Each September, Cnoc Outdoors pledges 10% of the revenue from our website to an organization working hard to keep up our trails and care for our communities. For 2019, our recipient is The Venture Out Project, an organization that leads backpacking and wilderness trips for the queer and transgender community. In the past, Cnoc Outdoors has donated Vectos to make it easier for The Venture Out Project to take groups on trips with long stretches between water sources.
Perry Cohen is a trans man who saw a need to create safer spaces in the outdoors for queer and transgender adventurers, so he left corporate life to found The Venture Out Project. We asked Perry about running The Venture Out Project via email.
Which trips have been your favorite?
It seems like every trip I'm on is my favorite at that moment. I know that sounds corny and like it can't possibly be true but there's something about being on a trip with other queer folks, out in the woods that just makes me feel so present that all I can feel is how much I love that very moment and the group of people I'm with. In hindsight though my two current favorite trips were our Rocky Mountain National Park trip where we climbed Mt. Ida and spent an amazing week in the Rockies seeing elk, 14ers, crystal clear streams, traversing glaciers, and climbing to nearly 13,000 feet. The other amazing trip was this August in Churchill, Manitoba, where we saw polar bears, kayaked with beluga whales, and even saw the aurora.
What’s planned for the rest of 2019 and for 2020?
We are currently packing out a trip to climb Mt. Washington in the White Mountains of NH, then we have some mountain bike clinics, Mt. Monadnock (where I first came up with the idea for Venture Out), a few winter hut trips in the White Mountains, a weeklong ski trip in Oregon, more of our Classic long weekend backpacking trips in NH, VT, OR, and CO as well as our big 5th year anniversary trip to a super exotic and exciting location that will be revealed in a few months. See a list of upcoming trips here.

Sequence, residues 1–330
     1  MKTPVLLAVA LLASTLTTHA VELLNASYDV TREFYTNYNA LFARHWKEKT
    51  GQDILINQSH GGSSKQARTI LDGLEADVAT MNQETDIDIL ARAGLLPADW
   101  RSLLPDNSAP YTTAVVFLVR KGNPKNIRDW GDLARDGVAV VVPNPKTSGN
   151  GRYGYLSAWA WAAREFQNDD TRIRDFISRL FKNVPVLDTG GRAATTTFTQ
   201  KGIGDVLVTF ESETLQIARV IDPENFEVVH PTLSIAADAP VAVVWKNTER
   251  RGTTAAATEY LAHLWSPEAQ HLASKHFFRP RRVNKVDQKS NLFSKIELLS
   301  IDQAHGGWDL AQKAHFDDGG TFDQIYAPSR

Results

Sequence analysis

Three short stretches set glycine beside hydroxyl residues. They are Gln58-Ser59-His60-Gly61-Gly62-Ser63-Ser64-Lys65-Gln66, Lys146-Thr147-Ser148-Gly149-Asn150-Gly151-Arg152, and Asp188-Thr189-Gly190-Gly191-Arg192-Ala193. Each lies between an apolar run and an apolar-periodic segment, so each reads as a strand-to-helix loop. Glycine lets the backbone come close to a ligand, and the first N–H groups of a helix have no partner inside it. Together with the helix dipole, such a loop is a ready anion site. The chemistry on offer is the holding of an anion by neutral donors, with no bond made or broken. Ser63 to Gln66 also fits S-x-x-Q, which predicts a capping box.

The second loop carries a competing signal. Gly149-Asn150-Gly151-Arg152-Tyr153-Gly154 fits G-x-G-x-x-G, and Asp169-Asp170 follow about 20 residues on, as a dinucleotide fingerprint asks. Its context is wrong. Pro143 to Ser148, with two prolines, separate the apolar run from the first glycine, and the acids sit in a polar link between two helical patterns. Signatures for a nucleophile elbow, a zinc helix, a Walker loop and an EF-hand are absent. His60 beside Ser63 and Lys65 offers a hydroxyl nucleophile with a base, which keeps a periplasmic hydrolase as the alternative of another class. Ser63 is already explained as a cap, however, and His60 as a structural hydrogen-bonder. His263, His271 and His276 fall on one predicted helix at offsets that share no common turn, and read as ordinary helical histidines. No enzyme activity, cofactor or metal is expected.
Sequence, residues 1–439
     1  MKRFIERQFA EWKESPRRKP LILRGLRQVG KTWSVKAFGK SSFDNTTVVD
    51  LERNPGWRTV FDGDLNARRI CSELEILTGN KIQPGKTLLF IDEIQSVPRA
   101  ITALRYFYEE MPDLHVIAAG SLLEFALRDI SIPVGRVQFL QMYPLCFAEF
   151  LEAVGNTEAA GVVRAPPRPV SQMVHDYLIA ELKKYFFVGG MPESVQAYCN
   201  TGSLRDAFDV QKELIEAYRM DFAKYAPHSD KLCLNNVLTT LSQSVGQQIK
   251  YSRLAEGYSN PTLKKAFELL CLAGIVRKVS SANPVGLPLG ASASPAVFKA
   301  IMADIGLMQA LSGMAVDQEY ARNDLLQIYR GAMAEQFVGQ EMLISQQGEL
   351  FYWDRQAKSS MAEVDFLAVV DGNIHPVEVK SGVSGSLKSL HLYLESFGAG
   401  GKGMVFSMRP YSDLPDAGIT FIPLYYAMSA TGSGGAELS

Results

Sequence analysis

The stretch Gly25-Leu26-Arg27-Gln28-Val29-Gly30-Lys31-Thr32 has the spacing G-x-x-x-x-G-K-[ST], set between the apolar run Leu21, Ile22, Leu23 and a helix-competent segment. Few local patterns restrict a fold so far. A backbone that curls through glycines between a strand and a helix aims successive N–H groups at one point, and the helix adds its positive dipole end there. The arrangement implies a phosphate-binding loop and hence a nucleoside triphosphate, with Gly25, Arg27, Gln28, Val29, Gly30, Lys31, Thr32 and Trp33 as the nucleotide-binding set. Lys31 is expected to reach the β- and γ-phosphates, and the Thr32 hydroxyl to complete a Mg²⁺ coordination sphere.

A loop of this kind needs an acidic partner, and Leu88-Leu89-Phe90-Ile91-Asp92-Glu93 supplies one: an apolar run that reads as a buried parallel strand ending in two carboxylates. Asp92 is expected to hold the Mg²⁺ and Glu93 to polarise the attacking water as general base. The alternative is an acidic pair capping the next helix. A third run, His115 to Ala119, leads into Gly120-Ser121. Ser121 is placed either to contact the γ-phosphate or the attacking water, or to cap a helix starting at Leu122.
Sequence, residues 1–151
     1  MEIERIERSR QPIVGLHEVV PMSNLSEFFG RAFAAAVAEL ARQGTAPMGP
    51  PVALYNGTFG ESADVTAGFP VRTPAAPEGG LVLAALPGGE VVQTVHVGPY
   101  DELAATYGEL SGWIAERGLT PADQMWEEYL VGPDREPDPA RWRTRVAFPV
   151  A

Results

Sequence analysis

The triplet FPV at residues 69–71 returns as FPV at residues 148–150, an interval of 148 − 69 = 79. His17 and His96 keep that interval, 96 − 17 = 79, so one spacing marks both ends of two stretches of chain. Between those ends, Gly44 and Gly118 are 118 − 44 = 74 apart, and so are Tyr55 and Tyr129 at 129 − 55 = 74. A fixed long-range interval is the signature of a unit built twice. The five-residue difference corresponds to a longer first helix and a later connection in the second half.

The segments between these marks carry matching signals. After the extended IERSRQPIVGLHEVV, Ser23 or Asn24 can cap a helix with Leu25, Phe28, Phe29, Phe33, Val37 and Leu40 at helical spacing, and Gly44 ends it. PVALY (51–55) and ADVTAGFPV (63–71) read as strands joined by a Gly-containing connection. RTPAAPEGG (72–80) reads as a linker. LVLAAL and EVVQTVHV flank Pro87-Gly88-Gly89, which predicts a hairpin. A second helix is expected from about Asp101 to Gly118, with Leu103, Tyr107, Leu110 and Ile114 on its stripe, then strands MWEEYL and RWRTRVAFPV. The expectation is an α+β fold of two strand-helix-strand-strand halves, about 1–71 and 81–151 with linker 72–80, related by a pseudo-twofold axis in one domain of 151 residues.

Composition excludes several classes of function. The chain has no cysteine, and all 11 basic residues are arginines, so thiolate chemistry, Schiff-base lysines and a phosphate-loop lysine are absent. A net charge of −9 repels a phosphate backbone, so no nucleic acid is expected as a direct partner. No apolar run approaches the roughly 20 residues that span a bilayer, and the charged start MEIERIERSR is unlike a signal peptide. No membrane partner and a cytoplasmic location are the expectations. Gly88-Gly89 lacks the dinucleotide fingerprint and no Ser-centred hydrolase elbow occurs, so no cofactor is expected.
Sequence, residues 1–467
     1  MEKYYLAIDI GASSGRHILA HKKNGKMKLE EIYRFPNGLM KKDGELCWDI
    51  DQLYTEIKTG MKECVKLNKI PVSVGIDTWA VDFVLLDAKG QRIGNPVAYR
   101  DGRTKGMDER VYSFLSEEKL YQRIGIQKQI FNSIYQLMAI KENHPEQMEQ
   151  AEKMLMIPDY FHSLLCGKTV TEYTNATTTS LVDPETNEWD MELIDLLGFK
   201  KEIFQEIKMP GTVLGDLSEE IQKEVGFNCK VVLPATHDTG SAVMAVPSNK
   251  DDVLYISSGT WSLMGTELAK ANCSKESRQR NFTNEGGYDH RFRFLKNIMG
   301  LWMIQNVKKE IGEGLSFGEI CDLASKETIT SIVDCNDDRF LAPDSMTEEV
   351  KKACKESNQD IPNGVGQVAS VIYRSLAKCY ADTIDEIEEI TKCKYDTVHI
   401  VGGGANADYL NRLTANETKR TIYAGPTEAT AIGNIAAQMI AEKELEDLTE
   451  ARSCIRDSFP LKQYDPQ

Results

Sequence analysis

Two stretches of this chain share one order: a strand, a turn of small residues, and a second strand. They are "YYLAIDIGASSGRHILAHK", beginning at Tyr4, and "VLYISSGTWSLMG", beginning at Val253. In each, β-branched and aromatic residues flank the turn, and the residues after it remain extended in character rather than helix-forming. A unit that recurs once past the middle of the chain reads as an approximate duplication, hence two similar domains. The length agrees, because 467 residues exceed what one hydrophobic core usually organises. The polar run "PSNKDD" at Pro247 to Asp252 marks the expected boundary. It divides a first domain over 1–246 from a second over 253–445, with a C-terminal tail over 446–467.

What are the primary ways that gear companies can promote queer and trans inclusiveness?
First and foremost companies can employ queer and trans folks and provide good wages, benefits, and HR policies. Make sure you're thinking about who's behind the camera as well as who's in front of it. When you're marketing and promoting your gear, consider if it makes sense to say this is a woman's pack or if it's more appropriate to say, "This pack is for folks with larger hips and smaller shoulders, whereas this pack is for broad shouldered people with a long torso," rather than automatically assuming all people with a long torso and broad shoulders would want to buy a pack labeled as a men's pack. Consider if your gear even needs to be marketed or labeled as gendered. I once bought a tent and found a tag on it that told me it was unisex!
How will the funds from Support September be used?
We have a goal to never turn anyone away for lack of funds and for five years running we have achieved that. We have been fairly successful in raising money for scholarships, but it's harder to get funds for the non sexy operational costs we incur like insurance and internet and salaries so we are thrilled to have Funds from Support September to help fund our operating costs so we can continue to employ and support LGBTQ+ folks.
How have the Vectos been helpful to your programs?
It's been great to give participants a Vecto and let them carry their own water rather than having one person carry a 6 or 10 L dromedary bag for the whole group. We've also been able to give each participant their own mini filter to attach to the Vecto so they can be in control of their own water purification systems and learn to use them versus relying one someone else to treat their water.
For more information about Cohen and The Venture Out Project, listen to this episode of the Dirtbag Diaries.